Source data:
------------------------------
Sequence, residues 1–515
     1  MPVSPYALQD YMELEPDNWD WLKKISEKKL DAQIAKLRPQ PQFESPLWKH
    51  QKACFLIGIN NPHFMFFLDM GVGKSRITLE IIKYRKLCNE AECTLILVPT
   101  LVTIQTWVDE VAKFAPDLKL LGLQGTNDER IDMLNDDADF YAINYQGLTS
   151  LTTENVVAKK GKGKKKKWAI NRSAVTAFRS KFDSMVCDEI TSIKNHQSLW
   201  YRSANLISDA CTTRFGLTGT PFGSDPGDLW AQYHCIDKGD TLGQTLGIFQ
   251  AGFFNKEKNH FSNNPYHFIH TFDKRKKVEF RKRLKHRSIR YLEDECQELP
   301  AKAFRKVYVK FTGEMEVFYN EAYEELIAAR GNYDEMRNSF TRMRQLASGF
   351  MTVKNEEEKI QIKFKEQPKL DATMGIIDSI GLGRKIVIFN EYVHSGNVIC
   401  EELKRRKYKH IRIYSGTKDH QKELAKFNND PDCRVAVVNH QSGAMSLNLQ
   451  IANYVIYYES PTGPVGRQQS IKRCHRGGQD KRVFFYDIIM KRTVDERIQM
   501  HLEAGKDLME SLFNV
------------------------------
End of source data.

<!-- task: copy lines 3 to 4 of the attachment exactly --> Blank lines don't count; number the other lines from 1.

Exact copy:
    51  QKACFLIGIN NPHFMFFLDM GVGKSRITLE IIKYRKLCNE AECTLILVPT
   101  LVTIQTWVDE VAKFAPDLKL LGLQGTNDER IDMLNDDADF YAINYQGLTS